29
Jul
2018
0

Budapest…for the Vegetarian Soul

It is not very easy being a vegetarian in Europe. In Spain, when I say that I am a vegetarian, the waiters assume that I eat tuna and ham. ‘Who does not eat tuna and ham?’, is an oft asked question in Spain. I wasn’t expecting Budapest to be a vegetarian-friendly city, especially the local cuisine. I knew that I could find pizza places that would help me survive, but I assumed that the local Hungarian food would be meat dominated and I would end up eating pizza slices all the time that are good on the pocket but bad on the stomach.

Well, possibly the Hungarian food is meat dominated, but there are vegetarian and vegan versions available for almost everything, especially in the touristy areas. I ended up eating a slice of pizza for dinner only once, and that too because I was hungry at midnight and the pizza joint close to my hostel was the easiest access to food that I had then.

Back to the Budapest for the vegetarian soul…if you are a vegetarian and make your way to Budapest, make sure that you try the following local dishes:

  1. Longos: Deep fried dough with yeast – crisp, yet easy to bite…how can you not love it! The first time Ankur and I had longos was in Vienna, and we had no clue of what it is…and we never saw it again in Western Europe. So, when I laid my eyes on it in Budapest, I wanted to have it for every meal…the health conscious bit of me did not let me do so. In Budapest, I had longos with cream cheese, rucula and grilled peppers…delightful.
  2. Goulash: This flavorsome soup is traditionally made with meat. Thanks to tourism, there are vegetarian and even vegan options available. I had a bean goulash in a vegan restaurant – warm soup that was perfect after spending four hours in the spa. The soup was perfect on spices – not to sharp, yet not bland. Most restaurants in the touristy areas offer a vegan goulash, often served in a bread bowl.
  3. Hummus, falafel and Hungarian bread: There are many gyros in Budapest, which are a result of the Ottoman influence that Hungary had centuries ago. Thus, the hummus and falafel that I had in Budapest were as good as the one that I have had in Jordan and Dubai. I preferred having the hummus and falafel with traditional Hungarian bread that had potato and lots of sesame seeds.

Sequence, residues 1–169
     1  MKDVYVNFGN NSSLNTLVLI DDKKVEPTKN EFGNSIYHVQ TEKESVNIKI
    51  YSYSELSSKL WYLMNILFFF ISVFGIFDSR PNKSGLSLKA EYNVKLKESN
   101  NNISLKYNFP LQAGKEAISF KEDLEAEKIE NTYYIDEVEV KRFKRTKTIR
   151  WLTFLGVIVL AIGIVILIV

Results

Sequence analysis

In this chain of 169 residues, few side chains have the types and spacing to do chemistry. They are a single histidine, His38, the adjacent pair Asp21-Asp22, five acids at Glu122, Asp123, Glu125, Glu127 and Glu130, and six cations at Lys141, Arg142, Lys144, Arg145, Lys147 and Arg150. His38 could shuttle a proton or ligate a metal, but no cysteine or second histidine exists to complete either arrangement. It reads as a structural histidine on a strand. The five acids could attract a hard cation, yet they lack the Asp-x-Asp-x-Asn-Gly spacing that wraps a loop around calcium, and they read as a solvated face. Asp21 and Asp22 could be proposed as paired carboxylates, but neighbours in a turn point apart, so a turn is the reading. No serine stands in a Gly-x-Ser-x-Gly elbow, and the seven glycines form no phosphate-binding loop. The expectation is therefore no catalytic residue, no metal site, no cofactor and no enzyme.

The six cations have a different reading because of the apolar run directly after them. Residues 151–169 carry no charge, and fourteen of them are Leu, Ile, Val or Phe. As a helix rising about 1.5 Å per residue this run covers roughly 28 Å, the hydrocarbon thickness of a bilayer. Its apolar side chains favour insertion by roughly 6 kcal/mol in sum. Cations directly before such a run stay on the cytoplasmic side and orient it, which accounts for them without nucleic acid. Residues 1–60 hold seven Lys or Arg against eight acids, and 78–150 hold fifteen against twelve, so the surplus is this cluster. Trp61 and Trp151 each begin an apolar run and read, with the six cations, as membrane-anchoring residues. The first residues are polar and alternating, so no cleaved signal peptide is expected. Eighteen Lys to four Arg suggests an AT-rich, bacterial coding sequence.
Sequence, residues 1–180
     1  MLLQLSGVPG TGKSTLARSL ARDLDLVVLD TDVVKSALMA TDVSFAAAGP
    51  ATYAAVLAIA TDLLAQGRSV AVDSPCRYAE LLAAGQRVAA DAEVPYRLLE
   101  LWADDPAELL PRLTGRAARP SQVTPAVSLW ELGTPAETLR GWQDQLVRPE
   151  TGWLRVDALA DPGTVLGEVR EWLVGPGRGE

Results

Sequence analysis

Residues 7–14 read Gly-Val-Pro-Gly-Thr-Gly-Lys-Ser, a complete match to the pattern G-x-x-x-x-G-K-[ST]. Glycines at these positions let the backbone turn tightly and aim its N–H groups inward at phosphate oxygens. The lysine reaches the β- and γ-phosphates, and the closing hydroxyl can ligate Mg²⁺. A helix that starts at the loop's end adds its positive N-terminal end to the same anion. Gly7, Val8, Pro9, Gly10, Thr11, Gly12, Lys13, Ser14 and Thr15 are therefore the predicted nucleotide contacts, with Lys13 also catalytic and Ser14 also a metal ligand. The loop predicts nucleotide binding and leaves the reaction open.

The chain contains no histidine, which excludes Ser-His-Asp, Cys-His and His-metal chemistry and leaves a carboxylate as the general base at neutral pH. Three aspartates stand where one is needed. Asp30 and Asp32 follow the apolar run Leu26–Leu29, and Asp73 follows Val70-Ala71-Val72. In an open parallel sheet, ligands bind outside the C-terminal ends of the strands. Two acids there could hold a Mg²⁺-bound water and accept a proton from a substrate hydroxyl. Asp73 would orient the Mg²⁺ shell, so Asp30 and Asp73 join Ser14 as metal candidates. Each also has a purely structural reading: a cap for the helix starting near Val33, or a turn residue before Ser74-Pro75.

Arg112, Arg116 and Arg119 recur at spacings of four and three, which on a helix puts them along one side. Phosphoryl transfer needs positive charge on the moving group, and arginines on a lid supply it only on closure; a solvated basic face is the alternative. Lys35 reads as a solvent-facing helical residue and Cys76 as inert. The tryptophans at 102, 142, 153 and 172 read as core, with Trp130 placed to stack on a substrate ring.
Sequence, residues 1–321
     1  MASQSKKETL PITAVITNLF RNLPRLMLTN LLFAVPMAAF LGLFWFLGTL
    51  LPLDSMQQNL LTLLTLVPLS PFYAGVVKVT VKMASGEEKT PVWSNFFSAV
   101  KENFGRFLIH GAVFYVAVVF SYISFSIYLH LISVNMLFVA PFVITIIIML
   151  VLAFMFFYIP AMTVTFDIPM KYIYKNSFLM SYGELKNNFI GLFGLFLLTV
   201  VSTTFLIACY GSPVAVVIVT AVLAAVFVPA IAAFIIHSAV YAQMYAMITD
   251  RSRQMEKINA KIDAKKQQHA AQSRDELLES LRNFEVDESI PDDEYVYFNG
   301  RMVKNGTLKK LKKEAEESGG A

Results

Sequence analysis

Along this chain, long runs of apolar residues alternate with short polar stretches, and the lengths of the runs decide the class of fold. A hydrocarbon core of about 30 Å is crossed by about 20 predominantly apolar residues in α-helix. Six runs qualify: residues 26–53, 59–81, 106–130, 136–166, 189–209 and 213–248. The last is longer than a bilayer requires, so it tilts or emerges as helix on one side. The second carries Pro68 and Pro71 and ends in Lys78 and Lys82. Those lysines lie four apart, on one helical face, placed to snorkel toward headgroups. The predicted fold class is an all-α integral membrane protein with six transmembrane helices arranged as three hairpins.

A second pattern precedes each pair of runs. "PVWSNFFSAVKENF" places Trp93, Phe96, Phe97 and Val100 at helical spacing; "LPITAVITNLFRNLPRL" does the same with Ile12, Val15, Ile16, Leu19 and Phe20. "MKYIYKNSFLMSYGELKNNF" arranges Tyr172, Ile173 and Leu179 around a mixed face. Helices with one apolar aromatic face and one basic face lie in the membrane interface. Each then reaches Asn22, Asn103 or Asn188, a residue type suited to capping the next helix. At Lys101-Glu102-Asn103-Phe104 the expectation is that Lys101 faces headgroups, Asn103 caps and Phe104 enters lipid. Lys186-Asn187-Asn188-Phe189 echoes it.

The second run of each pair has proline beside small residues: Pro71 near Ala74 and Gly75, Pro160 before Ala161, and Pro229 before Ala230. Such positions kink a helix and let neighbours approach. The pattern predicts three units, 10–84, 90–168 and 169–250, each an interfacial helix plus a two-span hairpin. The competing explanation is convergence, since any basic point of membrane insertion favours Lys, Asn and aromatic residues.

4. Chimney Cake: The minute I got off the train in Budapest, I saw a kid eating something that looked very interesting …a cake, that was shaped like a tumbler. As I pottered around, I saw a little stall selling ’traditional chimney cakes’ and I just had to go and get one! Well, I had a fully loaded chimney cake, which meant – Nutella at the bottom, then a layer of ice-cream, followed by a swirl of ‘softy’! It took me 20 minutes to finish it and it gave me a sugar rush that made be bob around like a five-year-old! I could not have a meal after the loaded chimney cake…but it was so worth the calories. It is a must-have in Budapest!
  5. Potato apricot dumpling: This is a season Hungarian dessert, typically made when apricots are in season. It is a potato dumpling that is mildly sweet and has a sweet and sour center that is made of apricots. I tried this in a really fancy place in Pest and liked it. However, I would say that not everyone would have a taste of it, and for many, the idea of having potatoes in a dessert isn’t very appealing. I would still recommend trying it if you are visiting in the apricot season.

Bon apetit ….Get hungry in Hungary!

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